PE Hub interview with Saban Capital’s Craig Cooper

power-rangerse-2.jpgPE Hub‘s Connie Loizos has an interview with Craig Cooper, who recently joined the VC firm founded by Israeli billionaire and media mogul Haim Saban:

Saban Capital quietly entered the business of venture capital a few months ago, adding an early-stage digital media practice to his seven-year-old, L.A.-based investment company, Saban Capital Group. For the uninitiated, Saban is a former television producer whose Saban Entertainment company gave the world, for better or worse, “Mighty Morphin Power Rangers” in the ‘90s [Editor's note: Saban also wrote the "Inspector Gadget" theme song].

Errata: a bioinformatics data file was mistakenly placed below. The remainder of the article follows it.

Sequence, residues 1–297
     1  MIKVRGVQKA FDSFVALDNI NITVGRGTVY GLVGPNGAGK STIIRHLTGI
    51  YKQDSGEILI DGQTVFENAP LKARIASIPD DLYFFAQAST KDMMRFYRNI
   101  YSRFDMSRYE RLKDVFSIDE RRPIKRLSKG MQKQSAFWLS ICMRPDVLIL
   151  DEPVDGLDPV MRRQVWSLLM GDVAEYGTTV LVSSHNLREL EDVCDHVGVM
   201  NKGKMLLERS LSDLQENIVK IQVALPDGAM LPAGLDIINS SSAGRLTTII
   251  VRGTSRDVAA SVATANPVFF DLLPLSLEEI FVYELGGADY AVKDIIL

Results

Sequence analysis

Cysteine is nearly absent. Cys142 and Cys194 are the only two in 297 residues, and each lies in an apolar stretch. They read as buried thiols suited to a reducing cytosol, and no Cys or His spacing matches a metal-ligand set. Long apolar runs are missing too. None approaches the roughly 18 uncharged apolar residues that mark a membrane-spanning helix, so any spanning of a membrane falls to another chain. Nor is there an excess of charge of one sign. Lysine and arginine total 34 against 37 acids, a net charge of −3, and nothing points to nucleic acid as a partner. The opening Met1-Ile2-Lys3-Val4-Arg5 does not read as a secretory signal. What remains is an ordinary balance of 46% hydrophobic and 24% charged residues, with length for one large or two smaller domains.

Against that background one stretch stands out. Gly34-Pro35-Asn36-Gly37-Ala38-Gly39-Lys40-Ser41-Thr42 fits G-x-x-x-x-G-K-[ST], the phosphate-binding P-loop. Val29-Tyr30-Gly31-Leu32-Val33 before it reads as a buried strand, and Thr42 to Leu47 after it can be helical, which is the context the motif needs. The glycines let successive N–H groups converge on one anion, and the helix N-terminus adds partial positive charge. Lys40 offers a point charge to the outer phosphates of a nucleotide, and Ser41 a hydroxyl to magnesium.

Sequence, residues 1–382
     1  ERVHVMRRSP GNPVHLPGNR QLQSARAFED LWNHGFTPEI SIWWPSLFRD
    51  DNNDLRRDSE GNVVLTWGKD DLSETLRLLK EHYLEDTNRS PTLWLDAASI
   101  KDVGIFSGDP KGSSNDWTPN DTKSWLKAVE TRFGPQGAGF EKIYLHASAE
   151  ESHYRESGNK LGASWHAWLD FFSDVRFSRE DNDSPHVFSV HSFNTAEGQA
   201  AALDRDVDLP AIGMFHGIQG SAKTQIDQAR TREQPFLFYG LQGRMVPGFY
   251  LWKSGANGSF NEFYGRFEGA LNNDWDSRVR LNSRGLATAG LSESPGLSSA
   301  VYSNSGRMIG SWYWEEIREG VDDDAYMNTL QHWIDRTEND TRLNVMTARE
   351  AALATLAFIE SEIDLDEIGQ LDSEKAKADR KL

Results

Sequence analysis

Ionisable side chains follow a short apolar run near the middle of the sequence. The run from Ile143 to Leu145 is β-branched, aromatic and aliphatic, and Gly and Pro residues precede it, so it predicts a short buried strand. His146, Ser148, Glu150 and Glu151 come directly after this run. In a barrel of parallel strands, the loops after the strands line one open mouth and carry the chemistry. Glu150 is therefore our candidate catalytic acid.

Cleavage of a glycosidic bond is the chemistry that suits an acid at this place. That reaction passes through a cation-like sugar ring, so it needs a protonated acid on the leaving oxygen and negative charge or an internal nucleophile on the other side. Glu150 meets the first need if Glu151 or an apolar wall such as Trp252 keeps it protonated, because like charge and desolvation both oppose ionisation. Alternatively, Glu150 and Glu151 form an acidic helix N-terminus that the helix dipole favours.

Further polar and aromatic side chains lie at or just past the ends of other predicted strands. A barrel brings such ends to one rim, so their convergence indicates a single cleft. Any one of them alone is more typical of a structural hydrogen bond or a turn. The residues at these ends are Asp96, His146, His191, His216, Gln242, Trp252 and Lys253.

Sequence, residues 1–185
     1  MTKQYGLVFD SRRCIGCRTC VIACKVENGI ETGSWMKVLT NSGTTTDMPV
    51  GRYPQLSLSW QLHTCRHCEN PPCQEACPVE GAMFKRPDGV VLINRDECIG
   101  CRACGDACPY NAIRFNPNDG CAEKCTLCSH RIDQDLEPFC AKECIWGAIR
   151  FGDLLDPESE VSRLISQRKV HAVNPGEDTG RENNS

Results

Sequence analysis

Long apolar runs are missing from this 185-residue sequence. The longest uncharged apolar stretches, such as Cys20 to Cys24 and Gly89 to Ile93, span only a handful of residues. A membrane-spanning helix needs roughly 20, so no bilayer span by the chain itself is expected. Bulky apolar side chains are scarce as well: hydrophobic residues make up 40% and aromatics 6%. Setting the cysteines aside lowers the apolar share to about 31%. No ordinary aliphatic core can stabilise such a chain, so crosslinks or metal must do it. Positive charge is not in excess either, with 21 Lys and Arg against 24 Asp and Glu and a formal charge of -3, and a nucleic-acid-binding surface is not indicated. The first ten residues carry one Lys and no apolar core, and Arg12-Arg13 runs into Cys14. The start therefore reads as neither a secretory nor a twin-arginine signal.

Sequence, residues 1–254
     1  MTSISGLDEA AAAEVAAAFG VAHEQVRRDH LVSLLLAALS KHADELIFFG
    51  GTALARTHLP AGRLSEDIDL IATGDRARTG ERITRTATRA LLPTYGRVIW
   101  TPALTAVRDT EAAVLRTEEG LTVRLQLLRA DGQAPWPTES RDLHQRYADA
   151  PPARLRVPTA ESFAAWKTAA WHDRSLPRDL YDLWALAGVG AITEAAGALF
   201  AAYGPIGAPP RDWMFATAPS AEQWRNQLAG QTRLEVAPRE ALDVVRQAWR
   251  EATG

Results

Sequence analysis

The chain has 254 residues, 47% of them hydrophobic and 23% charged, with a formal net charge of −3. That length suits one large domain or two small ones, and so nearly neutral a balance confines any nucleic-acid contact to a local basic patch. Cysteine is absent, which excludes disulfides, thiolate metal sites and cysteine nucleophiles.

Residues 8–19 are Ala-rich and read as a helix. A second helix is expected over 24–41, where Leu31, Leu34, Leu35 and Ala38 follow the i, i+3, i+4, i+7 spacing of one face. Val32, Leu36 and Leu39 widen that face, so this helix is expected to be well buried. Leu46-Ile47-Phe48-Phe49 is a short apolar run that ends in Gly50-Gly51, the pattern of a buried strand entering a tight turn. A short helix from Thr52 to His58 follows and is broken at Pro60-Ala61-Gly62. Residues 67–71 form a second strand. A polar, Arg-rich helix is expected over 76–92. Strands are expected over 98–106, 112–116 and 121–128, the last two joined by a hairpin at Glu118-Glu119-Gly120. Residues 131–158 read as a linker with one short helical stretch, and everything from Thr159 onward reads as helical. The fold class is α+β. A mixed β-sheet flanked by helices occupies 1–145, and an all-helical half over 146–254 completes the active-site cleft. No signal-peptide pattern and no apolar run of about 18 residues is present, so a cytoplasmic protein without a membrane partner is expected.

Cooper hasn’t pulled the trigger on any investments yet. But in a short phone conversation, we talked a bit about Richard Yen, who joined Cooper in June from Blueprint Ventures; we discussed his focus on digital media and consumer wireless startups; and he explained why he’s cut back on his daily dose of TechCrunch.First, how did you meet Haim Saban?

“The Undertaker” of venture capital

skull.jpgPE Hub’s Connie Loizos has an interview with Martin Pichinson, co-founder of Sherwood Partners, known to VC industry veterans as “the undertaker” for its speciality in shutting down failed companies. As one might imagine, Sherwood’s business is booming:

In January of 2007, the firm was being asked to take on three new clients a month. Fast forward to today and it’s taking on three to four newly imploding companies every week. Most of them are Web 2.0 startups backed by Valley VCs, but Sherwood also counts Google and Microsoft as clients.